2011 Kia Optima SX Turbo
The thing about the 2011 Kia Optima SX Turbo: Damn, this is impressive.
Although Kia uses the slogan “The Power to Surprise,” I’d suggest that they consider modifying it to “The Power to Amaze.” If any of the vehicle manufacturers that have a considerably larger share of the market and mind than Kia does had this car, you would be made so cognizant of this fact that the only place you could escape hearing about it or seeing about it would be if you were stranded on a desert island: They’d be banging the drum so loud that they have a car that is so stylish, frisky, and, when you want it to be, frugal, that you might even hear it while on said isle.
Kia has not only been persistently coming to the fore with its design. Kia chief design officer Peter Schreyer has said, ““I see cars less as modes of transport and more as objects of desire. The allure of a Kia should extend well beyond the fact that it moves people from one place to the other,” and the Optima is certainly desirable, with its low-to-the-ground, planted stance, fast windshield, sweeping body side lines, short decklid with a lip spoiler, and 18-in. highly styled wheels.
But there is the moving from one place to another aspect of the vehicle, and it does this quite well. First of all, the 2.0-liter, gasoline-direct injection (GDI) engine needs to be mentioned. This is an inline four that provides 274-hp and 269 lb-ft of torque. This is Kia’s first turbo, and interestingly, it opted for the twin-scroll design. What this means is that there are two exhaust valve inlets that feed exhaust gas through a divided manifold to the turbine. This improves the efficiency of the exhaust gas use for the turbo. And in terms of performance, there is less turbo-lag than is characteristic of single-scroll designs.
The car has a six-speed Sportmatic transmission; there are paddle shifters on the steering wheel, as one should expect in a car of this nature.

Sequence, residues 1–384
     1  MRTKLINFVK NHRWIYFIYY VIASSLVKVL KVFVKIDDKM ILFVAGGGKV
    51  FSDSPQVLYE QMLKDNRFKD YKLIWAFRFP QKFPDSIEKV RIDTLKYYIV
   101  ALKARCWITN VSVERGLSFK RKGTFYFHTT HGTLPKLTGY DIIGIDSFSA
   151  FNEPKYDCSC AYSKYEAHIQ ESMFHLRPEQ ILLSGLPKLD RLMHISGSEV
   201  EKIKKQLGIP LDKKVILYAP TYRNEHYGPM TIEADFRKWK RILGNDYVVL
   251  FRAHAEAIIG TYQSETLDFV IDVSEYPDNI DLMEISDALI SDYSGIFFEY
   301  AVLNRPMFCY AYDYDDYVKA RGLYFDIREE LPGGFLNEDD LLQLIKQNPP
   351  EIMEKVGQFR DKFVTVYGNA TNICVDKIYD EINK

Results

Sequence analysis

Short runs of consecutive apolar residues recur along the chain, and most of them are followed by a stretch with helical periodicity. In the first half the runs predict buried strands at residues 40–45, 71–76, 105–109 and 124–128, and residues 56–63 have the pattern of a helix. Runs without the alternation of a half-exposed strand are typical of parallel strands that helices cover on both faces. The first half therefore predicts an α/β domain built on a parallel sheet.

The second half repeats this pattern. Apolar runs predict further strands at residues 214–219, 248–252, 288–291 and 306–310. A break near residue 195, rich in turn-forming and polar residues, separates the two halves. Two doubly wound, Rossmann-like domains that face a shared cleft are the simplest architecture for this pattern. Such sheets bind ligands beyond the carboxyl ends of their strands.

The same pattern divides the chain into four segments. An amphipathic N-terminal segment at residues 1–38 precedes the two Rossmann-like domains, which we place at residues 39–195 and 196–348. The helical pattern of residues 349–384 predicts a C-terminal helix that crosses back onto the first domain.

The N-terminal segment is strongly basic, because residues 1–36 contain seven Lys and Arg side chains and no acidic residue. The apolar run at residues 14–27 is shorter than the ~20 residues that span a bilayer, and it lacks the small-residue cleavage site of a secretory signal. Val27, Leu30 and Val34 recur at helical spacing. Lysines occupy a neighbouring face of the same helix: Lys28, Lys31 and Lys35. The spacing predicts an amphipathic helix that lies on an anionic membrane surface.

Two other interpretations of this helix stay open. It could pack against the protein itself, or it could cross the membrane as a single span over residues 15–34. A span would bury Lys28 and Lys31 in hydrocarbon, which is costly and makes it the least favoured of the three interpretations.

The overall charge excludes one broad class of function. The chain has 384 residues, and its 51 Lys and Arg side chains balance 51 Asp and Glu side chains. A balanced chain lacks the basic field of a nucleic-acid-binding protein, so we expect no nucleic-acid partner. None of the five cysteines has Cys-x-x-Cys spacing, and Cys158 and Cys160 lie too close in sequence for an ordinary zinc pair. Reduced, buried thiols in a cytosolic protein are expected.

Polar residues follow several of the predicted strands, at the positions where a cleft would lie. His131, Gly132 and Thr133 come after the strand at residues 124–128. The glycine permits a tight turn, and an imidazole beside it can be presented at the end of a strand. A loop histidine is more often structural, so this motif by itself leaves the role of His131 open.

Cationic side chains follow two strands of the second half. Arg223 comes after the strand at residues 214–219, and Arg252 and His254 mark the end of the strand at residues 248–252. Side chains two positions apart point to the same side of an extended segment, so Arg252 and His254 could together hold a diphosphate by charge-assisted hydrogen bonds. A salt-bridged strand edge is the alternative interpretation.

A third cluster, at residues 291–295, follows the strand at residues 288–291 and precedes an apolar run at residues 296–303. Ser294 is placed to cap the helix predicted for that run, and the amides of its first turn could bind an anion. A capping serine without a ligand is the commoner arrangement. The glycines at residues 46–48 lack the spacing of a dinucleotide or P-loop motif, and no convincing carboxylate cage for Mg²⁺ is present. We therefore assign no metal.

Step on the metal accelerator (yes, the car in the SX livery has metal pedals) and the vehicle gets you from one place to another posthaste.
There very well may be situations when you don’t necessarily want the full power of the engine, so there is an “Eco” button on the steering wheel that adjusts the throttle, transmission shift points and even the air conditioning to provide optimum fuel efficiency. While there is a discernable difference in performance when it is selected, it is not like the car is suddenly being lubricated with molasses.
The other part of getting from here to there is being inside the car. And the Optima is well-appointed. The SX seats are nicely bolstered and leather trimmed. The driver’s seat is six-way power adjustable. There is leather trim on various surfaces (arm rests, instrument panel) and French seams. The steering wheel is leather wrapped. The other material is a carbon-fiber-like film to give it a sufficiently technical look. The car starts with a sizeable pushbutton on the instrument panel. The gauges are what Kia calls a “Supervision meter cluster with LCD display,” meaning that it has a crisp technical look without seeming like something that is calling attention to itself and thereby appearing foolish.
The MSRP for the car is a—yes—surprising $25,995. The car as driven had a nav system with back-up camera and Sirius Traffic ($2,000) and the SX Premium Package, which includes a panoramic sunroof, power front passenger seat, driver seat memory, heated and cooled front seats, and heated outboard rear seats ($2,150). Add in the freight ($695) and you get to an—yes—amazingly reasonably sticker of $30,840.
I guess surprise and amazement are much the same.
Engine: 2.0-liter, in-line four, DOHC turbo with gasoline direct injection
Material: Aluminum block and head
Horsepower: 274 @ 6,000 rpm
Torque: 269 lb-ft @ 1,750 rpm
Transmission: Six-speed automatic with Sportmatic
Wheelbase: 110 in.
Length: 190.7 in.
Width: 72.1 in.
Height: 57.3 in.
Base curb weight: 3,385 lb.
EPA Estimates: 22/34 mpg city/hwy
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